Discovering the Ability in Disability
Having a child with disabilities is hard work. Having three...the word "exponential" just doesn't seem to cover it.
I'm told I handle it well. Like most parents I often wonder if this is true. There are times when I feel so overwhelmed that I just can't help but wonder how I'm going to make it through the day. There are other times when I've no doubt I'm doing well; my children are reasonably happy, reasonably healthy, very exuberant individuals who are thriving each in their own way.
Still, there are a few things that really get to me. Line's like the one in this article: "A child with autism is unable to relate to or communicate with others. For a parent, the diagnosis is devastating."
I've heard that many times. I've been told that many times. Some people have even gone so far as to tell me that I'm in denial because I DON'T feel devastated!
Don't get me wrong, finding out your child has autism is very unsettling, very upsetting. It's a very emotional, heart-wrenching experience. Trust me, I know. I've gone through it twice already, and am in the very slow process of going through it a third time.
However, when people constantly tell you how devastated you should feel, when you buy into that, when you let yourself grieve continuously over your fate or the fate of your child...you lose sight of something very important, absolutely essential in fact.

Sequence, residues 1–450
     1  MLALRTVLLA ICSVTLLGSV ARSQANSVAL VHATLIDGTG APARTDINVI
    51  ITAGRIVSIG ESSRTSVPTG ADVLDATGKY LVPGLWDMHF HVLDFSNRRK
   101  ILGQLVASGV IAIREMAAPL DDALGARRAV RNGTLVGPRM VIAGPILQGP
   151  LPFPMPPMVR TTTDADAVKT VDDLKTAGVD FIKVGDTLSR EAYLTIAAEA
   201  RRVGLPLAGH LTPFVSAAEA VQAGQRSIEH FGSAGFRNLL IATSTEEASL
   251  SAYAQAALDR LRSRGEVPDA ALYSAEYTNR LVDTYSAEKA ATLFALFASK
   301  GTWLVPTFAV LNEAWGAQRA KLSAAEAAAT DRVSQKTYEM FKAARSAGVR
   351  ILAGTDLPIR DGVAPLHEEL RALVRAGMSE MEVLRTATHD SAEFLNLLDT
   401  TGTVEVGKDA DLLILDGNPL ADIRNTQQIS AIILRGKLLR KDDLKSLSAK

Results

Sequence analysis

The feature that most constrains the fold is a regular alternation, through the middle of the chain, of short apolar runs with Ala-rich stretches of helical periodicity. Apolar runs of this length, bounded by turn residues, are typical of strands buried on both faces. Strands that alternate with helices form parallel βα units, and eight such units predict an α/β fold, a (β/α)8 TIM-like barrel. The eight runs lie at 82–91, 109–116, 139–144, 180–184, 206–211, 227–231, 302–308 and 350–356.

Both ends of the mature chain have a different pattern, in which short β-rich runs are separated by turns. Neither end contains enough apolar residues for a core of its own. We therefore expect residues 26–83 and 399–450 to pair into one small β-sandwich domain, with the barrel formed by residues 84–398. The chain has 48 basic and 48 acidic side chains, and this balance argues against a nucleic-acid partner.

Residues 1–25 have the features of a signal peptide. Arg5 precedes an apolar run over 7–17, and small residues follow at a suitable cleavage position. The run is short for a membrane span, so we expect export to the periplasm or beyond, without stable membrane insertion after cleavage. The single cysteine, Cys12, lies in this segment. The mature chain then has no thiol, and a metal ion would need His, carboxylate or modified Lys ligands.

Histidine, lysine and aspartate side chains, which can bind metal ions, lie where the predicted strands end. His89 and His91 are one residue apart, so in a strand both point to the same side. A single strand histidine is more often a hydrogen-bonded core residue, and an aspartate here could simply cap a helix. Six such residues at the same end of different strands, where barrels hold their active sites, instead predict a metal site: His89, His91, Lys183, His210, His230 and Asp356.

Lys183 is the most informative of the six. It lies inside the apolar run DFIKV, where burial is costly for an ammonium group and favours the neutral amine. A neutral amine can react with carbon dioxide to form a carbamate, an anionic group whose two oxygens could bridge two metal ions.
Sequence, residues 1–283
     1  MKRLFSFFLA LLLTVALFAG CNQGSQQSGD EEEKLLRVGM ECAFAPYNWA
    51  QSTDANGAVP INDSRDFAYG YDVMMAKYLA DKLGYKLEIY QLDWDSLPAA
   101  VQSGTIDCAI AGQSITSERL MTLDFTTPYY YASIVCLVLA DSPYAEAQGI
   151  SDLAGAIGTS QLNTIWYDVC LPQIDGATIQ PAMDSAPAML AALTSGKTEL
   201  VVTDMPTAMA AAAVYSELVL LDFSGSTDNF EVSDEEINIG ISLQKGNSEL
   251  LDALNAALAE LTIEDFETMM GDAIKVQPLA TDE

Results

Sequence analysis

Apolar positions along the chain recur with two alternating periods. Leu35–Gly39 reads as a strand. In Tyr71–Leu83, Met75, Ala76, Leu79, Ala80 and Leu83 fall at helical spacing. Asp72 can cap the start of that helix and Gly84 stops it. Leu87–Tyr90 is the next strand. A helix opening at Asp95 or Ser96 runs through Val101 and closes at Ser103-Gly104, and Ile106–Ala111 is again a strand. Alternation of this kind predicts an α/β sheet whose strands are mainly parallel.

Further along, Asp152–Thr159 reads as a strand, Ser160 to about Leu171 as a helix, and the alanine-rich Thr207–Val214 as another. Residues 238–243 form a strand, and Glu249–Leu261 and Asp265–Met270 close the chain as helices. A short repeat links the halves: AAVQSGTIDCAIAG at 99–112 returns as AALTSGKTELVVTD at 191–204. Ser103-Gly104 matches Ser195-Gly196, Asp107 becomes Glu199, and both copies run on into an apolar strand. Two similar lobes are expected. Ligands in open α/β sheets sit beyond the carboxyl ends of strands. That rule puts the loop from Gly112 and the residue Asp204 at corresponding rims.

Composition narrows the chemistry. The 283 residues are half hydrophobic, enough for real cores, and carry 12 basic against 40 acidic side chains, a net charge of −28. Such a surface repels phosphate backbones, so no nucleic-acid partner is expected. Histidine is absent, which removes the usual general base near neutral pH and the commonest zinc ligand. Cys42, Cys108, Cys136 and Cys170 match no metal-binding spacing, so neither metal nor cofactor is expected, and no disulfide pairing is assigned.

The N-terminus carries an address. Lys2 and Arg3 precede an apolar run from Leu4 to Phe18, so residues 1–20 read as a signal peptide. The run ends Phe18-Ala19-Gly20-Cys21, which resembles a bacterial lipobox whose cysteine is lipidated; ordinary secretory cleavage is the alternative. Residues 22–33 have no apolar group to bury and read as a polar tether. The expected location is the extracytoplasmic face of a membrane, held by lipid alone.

Autism is NOT an end. Your child's life, your child's future does NOT end just because he or she is diagnosed with autism. Your child's future is in your hands, as it always was, and you as a parent have a responsibility to maintain your vision for your child's future. That vision may have to change, as it undoubtedly would as your child got older, but that change does NOT have to be seen as a negative one.
As each of my children were born my husband and I had distinct hopes for them. Hopes that they would grow, that they would learn, that they would independently seek ways to make this world a better place. We had visions of marriages and grandchildren. We envisioned them going to college or learning their own trade. We wanted a family owned business that our children, once they were older, would be able to work in and learn in, perhaps taking it over themselves one day.